Governor General honours B.C. sheriffs

Governor General David Johnston began his first official visit to B.C. Monday, carrying on an 800-year tradition by presenting a new coat of arms and flag to the B.C. Sheriff Service.

Governor General David Johnston and his wife Sharon greet veterans at the B.C. legislature Monday.

VICTORIA – Governor General David Johnston began his first official visit to B.C. Monday, carrying on an 800-year tradition by presenting a new coat of arms and flag to the B.C. Sheriff Service.

Johnston and his wife Sharon braved wind and rain to inspect an honour guard at the B.C. legislature, then headed inside with Premier Christy Clark to unveil the new coat of arms.

Attorney General Shirley Bond said the sheriff service was created by B.C. legislation in 1860. It now consists of 480 full-time and auxiliary staff who provide security and inmate transfer to 45 courthouses and 44 circuit courts in B.C.

Johnston, a law professor and former president of the University of Waterloo, was appointed Governor General last fall. He urged B.C. residents to look ahead to 2017, Canada’s 150th birthday, and send him their suggestions “to inspire Canada to become an even smarter, more caring nation.”

The three-day visit continued Monday with a visit to Canadian Forces Base Esquimalt, and a dinner hosted by B.C. Lieutenant Governor Steven Point.

Tuesday’s schedule includes a meeting with representatives of the Tla-o-qui-aht First Nation at Tofino and the Huu-ay-aht First Nation in Bamfield, two of the Vancouver Island communities who signed a treaty with the federal and provincial governments in 2009.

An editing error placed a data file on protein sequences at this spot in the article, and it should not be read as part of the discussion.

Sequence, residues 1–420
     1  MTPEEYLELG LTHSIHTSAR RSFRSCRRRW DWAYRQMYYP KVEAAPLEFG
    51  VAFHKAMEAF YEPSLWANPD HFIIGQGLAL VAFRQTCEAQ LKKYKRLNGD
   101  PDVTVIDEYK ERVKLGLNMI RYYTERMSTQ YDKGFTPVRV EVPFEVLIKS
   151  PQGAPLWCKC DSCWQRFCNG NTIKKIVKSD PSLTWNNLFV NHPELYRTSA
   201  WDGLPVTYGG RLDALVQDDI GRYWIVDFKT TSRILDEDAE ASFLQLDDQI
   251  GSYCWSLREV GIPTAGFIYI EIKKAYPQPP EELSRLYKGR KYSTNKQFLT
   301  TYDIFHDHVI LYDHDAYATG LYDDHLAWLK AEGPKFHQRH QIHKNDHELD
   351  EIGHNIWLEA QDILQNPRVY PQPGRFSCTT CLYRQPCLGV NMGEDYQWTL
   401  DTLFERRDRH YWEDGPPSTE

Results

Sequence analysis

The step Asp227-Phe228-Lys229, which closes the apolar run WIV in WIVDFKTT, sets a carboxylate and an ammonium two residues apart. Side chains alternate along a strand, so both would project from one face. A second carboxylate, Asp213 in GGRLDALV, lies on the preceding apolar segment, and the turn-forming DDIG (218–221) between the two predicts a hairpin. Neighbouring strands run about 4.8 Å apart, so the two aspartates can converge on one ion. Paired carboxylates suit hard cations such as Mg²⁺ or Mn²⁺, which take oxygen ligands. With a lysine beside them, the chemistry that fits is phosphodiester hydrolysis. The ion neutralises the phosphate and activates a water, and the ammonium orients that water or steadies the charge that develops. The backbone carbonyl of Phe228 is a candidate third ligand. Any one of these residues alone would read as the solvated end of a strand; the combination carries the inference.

Wednesday, Sharon Johnston visits the Aboriginal Mother Care Society in Vancouver, and the Governor General addresses the Canadian Club of Vancouver.

Just Posted

Enrolment, EA increases make for no surprises in updated school district budget

The budget reflects changes that were made after recieving provincial funds in December

Agassiz Community Gardens hoping to find new home at old McCaffrey school

The society has been looking for a new location since its previous gardens were sold in October

Kent looking to replace Ferny Coombe pool with indoor facility

The facility being built is dependent on grant funding from the province and federal government

Escape room brings ‘out of the box’ activity to Agassiz

AESS alumni and teacher developed the concept to bring teamwork-based entertainment to the town

Prices still rising, Chilliwack real estate back in balanced territory

Local market is steadier compared to points west with higher increase in average sale price

B.C. opioid crisis to get same world-renowned treatment approach as HIV/AIDS

A program that focuses on treatment as prevention will roll out Jan. 17

BC Hydro scammers bilked customers out of nearly $45,000 in 2018

Nearly 2,000 people reported scams to the utility, as they continue to be more common

Olympian snowboarder Max Parrot diagnosed with Hodgkin’s lymphoma

Each year in Canada, approximately 900 people are diagnosed with Hodgkin’s lymphoma

‘Prince of Pot’ Marc Emery accused of sexual assault, harassment

Emery denied the allegations, but a Toronto woman says she is not the only one speaking out

Vancouver Island photographer makes National Geographic’s 2018 elite

Rare double honour for Marston from the 36 best Your Shots out of nearly 19,000 photos

Ex-Liberal candidate in Burnaby, B.C., says volunteer wrote controversial post

Karen Wang dropped out following online post singling out NDP Leader Jagmeet Singh’s ethnicity

Asteroids are smacking Earth twice as often as before

The team counted 29 craters that were no older than 290 million years

Canada’s arrest of Huawei exec an act of ‘backstabbing,’ Chinese ambassador says

China has called Canada’s arrest of Huawei chief financial officer Meng Wanzhou ‘politically motivated’

Manure company causing ‘toxic’ stink at Abbotsford school seeks permit

Property across from King Traditional Elementary cannot operate manure facility without permit

Most Read